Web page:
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A talented new crop of memoirists explore the friction between their queer identities and their cultural and geographical surroundings.
Edafe Okporo’s aptly titled memoir, Asylum: A Memoir and a Manifesto, recounts his experience growing up gay in Nigeria, a place known for having harsh laws against “known homosexuals.” Okporo writes with sensitivity about the scenery that shaped his childhood, his powerful familial relationships and the friendships that formed his identity. One night in 2016, however, all of these things were threatened by a mob that gathered outside his home. Okporo tried to escape out a window, but before he could, they broke down his door and beat him until he was unconscious. It was his 26th birthday.
This event marked the beginning of Okporo’s one-way journey to America as a refugee. Once he arrived in New York City, there was a potent juxtaposition between his experiences as a Black gay man from a place of repression and the freedom he encountered as an asylum-seeker. Still, the cruelty of America’s immigration system and the overwhelming whiteness of New York’s gay community presented stark new forms of injustice. With clarity and grace, Okporo casts light on the racism and oppression he discovered lurking within communities that are themselves oppressed.
Okporo was able to explore new relationships in New York, sexual and otherwise, and ultimately found both professional and personal purpose in America as a global gay rights activist. Along the way, Asylum chronicles a range of hardships, from the severe laws of the author’s home country to the bitter realities of immigrating to the U.S. Throughout these difficulties, Okporo weaves a thread of hope that he will find freedom while remaining true to himself. If you are seeking a read that couches complex issues in a heartfelt personal narrative, Okporo’s memoir will surely delight.
★ Boys and Oil
In Boys and Oil, environmental activist Taylor Brorby masterfully recounts his upbringing in coal-fractured North Dakota. Growing up, Brorby was teased by his peers because he played with girls and didn’t gravitate toward sports. Like many queer boys, his sexuality was in conflict with traditional models of what men were meant to do and how they were supposed to act.
Brorby’s memoir opens with superbly detailed insight into North Dakota’s geography, which becomes a powerful symbol throughout Boys and Oil. This jagged imagery grounds the narrative and the author’s journey, and Brorby’s attention to it throughout the book feels nearly ekphrastic, with sweeping, alluring descriptions of a land that is at once beautiful and damaged.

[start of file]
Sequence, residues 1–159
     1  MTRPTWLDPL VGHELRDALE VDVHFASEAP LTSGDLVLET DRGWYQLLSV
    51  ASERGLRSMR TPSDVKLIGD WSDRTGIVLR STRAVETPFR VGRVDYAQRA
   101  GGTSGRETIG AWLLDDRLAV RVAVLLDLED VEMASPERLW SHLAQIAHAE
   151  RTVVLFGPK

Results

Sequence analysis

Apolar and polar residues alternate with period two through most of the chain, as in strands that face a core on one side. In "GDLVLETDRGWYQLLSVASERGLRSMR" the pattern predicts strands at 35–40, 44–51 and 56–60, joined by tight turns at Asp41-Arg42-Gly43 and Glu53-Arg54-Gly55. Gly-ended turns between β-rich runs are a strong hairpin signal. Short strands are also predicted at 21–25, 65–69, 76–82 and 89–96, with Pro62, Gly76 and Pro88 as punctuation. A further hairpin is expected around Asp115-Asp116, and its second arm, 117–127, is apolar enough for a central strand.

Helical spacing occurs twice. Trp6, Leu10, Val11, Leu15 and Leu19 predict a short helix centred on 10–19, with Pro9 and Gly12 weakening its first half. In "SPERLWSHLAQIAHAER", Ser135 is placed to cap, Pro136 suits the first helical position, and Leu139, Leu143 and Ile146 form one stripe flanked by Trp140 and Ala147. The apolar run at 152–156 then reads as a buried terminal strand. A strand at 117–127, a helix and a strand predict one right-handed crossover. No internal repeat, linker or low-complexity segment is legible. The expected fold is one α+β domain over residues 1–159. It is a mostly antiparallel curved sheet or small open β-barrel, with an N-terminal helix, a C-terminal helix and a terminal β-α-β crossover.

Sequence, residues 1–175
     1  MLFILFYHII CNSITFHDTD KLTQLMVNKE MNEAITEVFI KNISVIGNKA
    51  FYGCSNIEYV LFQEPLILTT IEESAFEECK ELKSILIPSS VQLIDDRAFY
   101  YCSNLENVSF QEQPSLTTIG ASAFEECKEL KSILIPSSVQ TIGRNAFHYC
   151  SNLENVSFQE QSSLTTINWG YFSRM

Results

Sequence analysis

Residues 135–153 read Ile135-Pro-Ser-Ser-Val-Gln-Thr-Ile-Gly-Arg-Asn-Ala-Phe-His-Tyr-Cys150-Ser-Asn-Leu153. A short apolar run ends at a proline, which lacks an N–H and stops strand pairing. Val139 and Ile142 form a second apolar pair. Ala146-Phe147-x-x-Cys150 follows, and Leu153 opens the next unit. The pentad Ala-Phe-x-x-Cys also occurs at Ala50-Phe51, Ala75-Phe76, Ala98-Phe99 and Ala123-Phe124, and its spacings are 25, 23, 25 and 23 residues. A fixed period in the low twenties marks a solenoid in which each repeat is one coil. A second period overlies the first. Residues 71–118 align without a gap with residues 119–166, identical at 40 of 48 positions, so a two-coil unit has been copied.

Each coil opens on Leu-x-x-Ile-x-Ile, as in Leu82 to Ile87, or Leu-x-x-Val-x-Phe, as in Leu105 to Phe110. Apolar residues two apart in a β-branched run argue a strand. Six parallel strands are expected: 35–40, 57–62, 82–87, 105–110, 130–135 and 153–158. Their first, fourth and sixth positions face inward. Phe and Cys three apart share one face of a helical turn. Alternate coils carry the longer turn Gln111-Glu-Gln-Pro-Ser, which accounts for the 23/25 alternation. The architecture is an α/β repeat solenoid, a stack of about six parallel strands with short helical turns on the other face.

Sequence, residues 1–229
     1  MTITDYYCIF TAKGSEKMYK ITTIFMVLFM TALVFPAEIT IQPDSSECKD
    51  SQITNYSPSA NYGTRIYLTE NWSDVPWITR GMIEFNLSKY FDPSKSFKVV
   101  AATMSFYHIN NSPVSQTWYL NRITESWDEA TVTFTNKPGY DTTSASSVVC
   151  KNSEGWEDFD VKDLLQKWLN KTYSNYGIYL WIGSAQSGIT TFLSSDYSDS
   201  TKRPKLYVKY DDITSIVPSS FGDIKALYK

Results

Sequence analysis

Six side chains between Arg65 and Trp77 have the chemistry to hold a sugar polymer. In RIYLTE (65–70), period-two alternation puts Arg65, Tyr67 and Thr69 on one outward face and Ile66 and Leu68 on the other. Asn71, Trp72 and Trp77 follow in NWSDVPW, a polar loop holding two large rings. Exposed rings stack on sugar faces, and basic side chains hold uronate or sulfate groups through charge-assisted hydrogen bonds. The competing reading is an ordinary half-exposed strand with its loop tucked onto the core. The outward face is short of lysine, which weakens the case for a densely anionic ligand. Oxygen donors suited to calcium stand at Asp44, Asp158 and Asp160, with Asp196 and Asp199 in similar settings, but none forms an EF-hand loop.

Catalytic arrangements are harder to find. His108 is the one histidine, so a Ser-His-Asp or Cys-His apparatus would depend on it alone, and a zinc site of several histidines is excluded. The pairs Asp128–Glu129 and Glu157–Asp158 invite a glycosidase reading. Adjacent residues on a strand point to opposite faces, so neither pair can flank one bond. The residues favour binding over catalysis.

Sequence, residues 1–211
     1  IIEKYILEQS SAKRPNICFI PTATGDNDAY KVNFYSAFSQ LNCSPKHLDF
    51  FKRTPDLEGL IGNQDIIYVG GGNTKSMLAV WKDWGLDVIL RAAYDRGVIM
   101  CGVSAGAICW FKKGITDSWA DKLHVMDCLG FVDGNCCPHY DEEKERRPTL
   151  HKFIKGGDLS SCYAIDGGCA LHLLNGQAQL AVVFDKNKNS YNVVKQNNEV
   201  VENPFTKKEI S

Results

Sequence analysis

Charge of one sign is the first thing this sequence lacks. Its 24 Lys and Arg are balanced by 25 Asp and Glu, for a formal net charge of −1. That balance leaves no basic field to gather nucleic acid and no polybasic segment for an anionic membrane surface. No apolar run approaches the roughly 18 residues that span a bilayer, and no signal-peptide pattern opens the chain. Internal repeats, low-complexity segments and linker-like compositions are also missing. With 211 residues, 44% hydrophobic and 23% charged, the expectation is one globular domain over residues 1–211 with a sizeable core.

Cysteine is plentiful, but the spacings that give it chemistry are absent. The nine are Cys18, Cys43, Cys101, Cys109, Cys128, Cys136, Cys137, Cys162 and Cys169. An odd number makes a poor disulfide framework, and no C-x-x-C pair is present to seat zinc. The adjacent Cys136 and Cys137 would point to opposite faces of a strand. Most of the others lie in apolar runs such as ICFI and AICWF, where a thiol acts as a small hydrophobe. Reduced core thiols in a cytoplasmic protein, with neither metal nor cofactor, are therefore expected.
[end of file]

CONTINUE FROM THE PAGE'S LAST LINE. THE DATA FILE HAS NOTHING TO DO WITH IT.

It’s within the context of this landscape that Brorby’s life unfolds, from a taunted child whose grandmother lovingly painted his fingernails, to a young man being physically assaulted outside of a small-town bar, to an out poet and environmentalist. In many parts of the country (and world), defying your culture’s expectations comes with a price. Whether as a boy in love with books or as an adult fighting to protect the broken land of his youth, Brorby writes about the personal price he has paid with striking honesty.
Queer politics calls perceived norms to task, subverting the status quo and making it possible for new structures to emerge. In his unique and breathtaking memoir, Brorby does just this, creating wonderful new categories for rural communities and American masculinity, and for gay kids’ places within both.
★ Ma and Me
Putsata Reang was born in Cambodia amid civic turmoil and unrest. Her family fled in 1975, when she was only 11 months old, and her journey would become legend. Aboard the ship her family escaped on, the infant Reang was believed to be dead. A Navy captain suggested that she be thrown overboard, but her mother resisted. Upon arriving at a U.S. naval base in the Philippines, her mother handed Reang to the doctors, and under their treatment, she survived—accruing a lifelong debt to her mother in the process.
Reang’s relationship with her mother is a strong feature in Ma and Me as the author examines her past with a surgeon’s precision and artist’s view. Reang takes a kaleidoscope of influences into consideration—including cultural expectations for girls and women, the institution of marriage and trauma caused by war and flight—as she inspects her upbringing as an immigrant in Oregon, learning to balance her Cambodian identity with the pressure to assimilate. Up close, she handles these influences on her mother with grace and compassion, even when her mother severs their relationship because she can’t handle Reang’s engagement to a woman. Reang does an excellent job of portraying the permeability of accepting loved ones for who they are and finding the limits of that acceptance.
In the world of Ma and Me, stories grow larger than life and queer identity creates conflict as it becomes a part of the long-woven tapestry of family lore. With great care, Reang addresses the legacy of trauma—both as a child of war who is displaced geographically and as a gay woman who is estranged from her family. The layers stacked together in this memoir, and Reang’s treatment of their complexity, are simply brilliant.